Well, if that’s the case, considering the facts we in the public know about the case — why aren’t these three officers being charged with murder? Why was “wanton endangerment” of neighbors, along with some glass, the best case he could build? At the podium, Cameron seemed more preoccupied with silencing the anger of those upset with the decision and mischaracterizing largely peaceful protesters as a “mob” than he seemingly was with forming a solid case. But so accustomed are we, in the wake of reckless behavior by cops, to the stink of thin validations floating out of the mouths of prosecutors — who are designated to investigate the very law enforcement with whom they work intimately. Genuine accountability remains ever elusive, as a result. Men like Cameron are evidently content with the facsimile of justice, spit out by this discriminatory system and painted over by American mythmaking.
We’re used to hearing this because this is how the criminalization system works. There is no justice in it, not for us black folks when we find ourselves in the position of Taylor, or her family and loved ones. The $12 million civil settlement awarded to her family was better than nothing, but hardly what anyone would mistake for full liability. Reform measures tied to that agreement are good to see, along with the “Breonna’s Law” ordinance Louisville Metro Council passed unanimously in June, banning no-knock warrants. These are positive steps, but more radical changes are needed. We’ve seen these kinds of reforms before in other localities and states, and they don’t stop cops from treating black lives as if they are disposable.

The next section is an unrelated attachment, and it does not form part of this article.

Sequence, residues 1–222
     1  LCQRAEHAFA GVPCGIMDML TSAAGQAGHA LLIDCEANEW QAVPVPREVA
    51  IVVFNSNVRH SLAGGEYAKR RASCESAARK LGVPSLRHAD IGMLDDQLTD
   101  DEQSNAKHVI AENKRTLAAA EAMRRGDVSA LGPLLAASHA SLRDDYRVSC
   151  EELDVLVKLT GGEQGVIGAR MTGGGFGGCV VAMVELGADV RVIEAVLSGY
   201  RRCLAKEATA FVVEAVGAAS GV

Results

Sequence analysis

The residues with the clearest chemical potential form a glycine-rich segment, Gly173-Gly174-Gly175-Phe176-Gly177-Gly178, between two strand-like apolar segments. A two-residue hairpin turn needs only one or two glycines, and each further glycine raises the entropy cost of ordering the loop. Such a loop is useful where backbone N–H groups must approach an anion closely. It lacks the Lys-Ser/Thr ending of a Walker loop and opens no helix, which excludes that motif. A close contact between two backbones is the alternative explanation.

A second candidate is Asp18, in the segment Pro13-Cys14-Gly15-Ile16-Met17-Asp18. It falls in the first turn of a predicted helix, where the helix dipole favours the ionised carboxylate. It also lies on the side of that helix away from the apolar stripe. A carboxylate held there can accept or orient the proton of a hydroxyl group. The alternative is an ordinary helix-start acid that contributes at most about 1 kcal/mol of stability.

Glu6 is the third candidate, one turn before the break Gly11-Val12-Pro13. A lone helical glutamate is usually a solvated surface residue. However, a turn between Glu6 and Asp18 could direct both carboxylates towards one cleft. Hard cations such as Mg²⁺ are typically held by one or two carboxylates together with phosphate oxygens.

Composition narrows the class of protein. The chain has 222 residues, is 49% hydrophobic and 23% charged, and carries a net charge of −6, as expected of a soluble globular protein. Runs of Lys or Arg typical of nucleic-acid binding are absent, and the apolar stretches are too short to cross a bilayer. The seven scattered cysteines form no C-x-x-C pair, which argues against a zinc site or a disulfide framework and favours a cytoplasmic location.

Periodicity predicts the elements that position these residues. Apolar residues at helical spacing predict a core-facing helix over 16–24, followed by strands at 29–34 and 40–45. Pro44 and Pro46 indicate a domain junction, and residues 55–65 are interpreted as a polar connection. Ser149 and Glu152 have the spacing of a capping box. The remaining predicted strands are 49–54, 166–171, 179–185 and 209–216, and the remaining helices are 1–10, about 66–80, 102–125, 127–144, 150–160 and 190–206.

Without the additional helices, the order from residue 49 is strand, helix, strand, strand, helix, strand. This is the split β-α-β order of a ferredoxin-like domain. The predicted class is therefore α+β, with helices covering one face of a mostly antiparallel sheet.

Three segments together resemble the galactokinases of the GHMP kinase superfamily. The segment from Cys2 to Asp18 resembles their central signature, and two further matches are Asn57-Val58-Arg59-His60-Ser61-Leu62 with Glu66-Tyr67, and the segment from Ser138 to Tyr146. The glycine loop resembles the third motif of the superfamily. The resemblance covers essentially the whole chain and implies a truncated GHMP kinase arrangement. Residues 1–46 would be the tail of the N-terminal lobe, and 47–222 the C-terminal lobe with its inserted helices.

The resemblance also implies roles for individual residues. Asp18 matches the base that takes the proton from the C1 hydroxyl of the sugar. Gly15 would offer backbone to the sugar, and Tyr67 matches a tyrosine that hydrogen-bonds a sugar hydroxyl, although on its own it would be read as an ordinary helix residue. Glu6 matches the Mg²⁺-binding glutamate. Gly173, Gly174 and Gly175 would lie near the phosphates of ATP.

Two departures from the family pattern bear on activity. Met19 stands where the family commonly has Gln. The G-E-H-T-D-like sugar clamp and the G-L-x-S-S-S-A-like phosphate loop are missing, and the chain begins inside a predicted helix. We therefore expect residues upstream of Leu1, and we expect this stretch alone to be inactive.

We should use our votes to change this system, yes. We need elected officials committed to the steps that are necessary, including ending the overfunding of police and redistributing those funds to more constructive, less homicidal services. But any notion that there exists a true “democracy,” as Eisenhower described it, within our borders is invalidated by our legal system’s continued permissiveness towards police violence. And when that brutality runs amuck, it can reach us anywhere. Including inside a young EMT’s bedroom, perforating her body and the false sense of American exceptionalism all at once.
Cameron, in his August speech, also quoted Abraham Lincoln. “The dogmas of the quiet past are inadequate to the stormy present,” Lincoln told Congress in 1862. “The occasion is piled high with difficulty, and we must rise to the occasion.” The young Attorney General cited this passage as he endorsed our charlatan president, conveniently unaware of Lincoln’s words that preceded it. “It is not ‘can any of us imagine better’ but, ‘can we all do better?’”
We can certainly do better than the likes of Cameron, and the police he has allowed to get away with deadly acts of violence. “Better” is what people plead for, through tears in the streets of Louisville and throughout the nation as they push for accountability. Much like the phrase “black lives matter,” the demand is both essential and utterly comprehensible. They hear us. They just don’t care.